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It comes as union members also call on the Otago Regional Council and Dunedin City Council to make some of bus stops around the city, which are causing stress to some drivers, safer and more accessible.
Union members are threatening to disrupt services if nothing is done.
A survey, conducted in May last year, asked about 100 drivers from the Amalgamated Workers Union New Zealand (Southern) Incorporated and Dunedin Tramways Union, about their access to toilets while working.
Union delegate Alan Savell said the results were alarming.
The majority of drivers said they had had to "many times" or "sometimes" urinate by the side of a road or behind a tree while on bus-driving duty and nearly all drivers surveyed had restricted their water intake.
"Drivers have been minimising their water intake to avoid the need for urination, risking dehydration, possibly leading to kidney damage, headaches, and concentration issues," Mr Savell said.
Public urination also opened drivers to criminal prosecution.
Both councils were provided with the survey results, but the union felt there had been no improvement since and decided to no longer withhold the information from the public arena.
Union members have agreed that from March, when they need to use a toilet, they will stop outside the Dunedin bus depot, offload any passengers, then drive their empty buses into the depot, park and use the toilet facilities provided there.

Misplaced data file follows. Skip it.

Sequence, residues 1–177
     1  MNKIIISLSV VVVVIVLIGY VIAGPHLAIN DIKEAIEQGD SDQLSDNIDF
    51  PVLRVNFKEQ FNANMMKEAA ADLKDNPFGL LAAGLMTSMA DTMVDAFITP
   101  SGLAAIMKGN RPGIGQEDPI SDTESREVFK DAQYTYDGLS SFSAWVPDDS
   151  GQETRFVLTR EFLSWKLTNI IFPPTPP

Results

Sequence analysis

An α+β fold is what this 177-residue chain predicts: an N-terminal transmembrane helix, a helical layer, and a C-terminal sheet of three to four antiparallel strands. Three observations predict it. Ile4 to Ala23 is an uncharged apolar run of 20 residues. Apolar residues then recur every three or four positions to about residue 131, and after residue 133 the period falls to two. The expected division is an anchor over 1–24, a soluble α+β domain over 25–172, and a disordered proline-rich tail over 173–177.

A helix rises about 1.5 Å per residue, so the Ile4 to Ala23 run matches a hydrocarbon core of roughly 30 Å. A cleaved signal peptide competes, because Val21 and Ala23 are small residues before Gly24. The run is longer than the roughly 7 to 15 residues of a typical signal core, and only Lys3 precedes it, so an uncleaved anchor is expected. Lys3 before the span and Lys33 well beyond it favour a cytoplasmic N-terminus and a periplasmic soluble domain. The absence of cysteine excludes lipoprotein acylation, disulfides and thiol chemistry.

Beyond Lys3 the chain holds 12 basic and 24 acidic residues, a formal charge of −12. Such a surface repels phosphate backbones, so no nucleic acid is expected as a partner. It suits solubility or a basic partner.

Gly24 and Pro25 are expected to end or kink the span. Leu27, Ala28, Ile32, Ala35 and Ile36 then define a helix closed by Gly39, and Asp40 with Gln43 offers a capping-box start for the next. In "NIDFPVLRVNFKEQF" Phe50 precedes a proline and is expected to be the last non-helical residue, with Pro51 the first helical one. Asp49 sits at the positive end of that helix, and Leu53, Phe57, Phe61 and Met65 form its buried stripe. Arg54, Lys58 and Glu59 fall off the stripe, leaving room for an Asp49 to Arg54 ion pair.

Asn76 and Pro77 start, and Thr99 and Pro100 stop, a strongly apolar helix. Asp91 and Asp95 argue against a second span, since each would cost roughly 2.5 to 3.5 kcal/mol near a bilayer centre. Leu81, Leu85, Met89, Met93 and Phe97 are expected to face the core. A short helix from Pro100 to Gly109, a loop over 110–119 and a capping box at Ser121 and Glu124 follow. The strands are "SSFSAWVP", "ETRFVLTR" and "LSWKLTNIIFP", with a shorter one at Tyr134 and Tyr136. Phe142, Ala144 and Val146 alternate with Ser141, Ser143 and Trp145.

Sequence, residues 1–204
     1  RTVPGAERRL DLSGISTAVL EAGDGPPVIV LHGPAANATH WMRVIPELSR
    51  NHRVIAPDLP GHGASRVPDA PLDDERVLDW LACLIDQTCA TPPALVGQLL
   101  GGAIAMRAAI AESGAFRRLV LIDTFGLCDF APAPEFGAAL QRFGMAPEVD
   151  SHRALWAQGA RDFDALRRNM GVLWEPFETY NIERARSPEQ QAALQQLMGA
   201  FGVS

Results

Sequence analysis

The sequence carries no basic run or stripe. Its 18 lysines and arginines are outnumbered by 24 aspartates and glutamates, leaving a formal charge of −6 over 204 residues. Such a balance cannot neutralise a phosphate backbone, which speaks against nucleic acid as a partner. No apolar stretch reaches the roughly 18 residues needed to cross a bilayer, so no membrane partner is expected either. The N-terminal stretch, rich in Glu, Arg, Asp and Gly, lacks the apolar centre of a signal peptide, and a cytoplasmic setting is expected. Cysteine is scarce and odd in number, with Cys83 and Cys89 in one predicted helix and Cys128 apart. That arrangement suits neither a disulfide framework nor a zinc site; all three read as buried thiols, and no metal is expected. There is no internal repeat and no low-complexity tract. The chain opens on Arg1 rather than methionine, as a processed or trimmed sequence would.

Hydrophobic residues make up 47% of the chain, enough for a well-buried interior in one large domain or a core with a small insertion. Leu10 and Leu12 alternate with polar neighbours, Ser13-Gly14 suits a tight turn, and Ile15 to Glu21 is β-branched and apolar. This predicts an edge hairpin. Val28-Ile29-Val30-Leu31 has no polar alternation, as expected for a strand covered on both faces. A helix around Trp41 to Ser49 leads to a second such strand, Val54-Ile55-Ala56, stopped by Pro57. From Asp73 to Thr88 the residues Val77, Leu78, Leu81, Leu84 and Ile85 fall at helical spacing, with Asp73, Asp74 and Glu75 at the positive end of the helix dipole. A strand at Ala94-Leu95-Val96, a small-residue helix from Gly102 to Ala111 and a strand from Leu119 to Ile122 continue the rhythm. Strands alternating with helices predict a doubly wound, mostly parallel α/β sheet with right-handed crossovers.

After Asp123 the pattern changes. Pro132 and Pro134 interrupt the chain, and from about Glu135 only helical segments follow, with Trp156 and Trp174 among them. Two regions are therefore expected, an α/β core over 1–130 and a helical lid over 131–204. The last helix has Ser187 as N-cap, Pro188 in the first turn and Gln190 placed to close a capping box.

They would then pick the passengers back up and resume their journey.
If the driver’s route did not pass the depot, the driver would take the shortest diversion to the depot.
Mr Savell said another major issue - which could also see changes to where union member stopped if not resolved - was that many stops were too small for buses to drive in and out of, meaning the bus had to block the road outside the stop.
An example was the stop on Macandrew Rd, near the intersection with Wesley St.
It is one of the several on the street the city council is to consider approving changes to, following a proposal by the regional council.
The stop is 14m long, the length of a bus with a bike rack down, and cars often park close to the yellow lines on either side of the stop, causing stress for drivers, and sometimes resulting in parked cars being clipped or bus drivers being abused by other road users for blocking the road.
It was also an issue for passengers with limited mobility, who often could not get on to the bus as it could not get close enough to the kerb.
Mr Savell said it would be good if the council would fix the problem at the Wesley St stop.
There were about nine other stops with similar issues.
If they were not fixed, union members would, from March, boycott any new or upgraded bus stops that did not meet requirements.
Regional council transport manager Garry Maloney said it was aware of the concerns raised by the union and had been working on understanding the details.
The council would discuss working together to find a solution with those involved in delivering the bus services.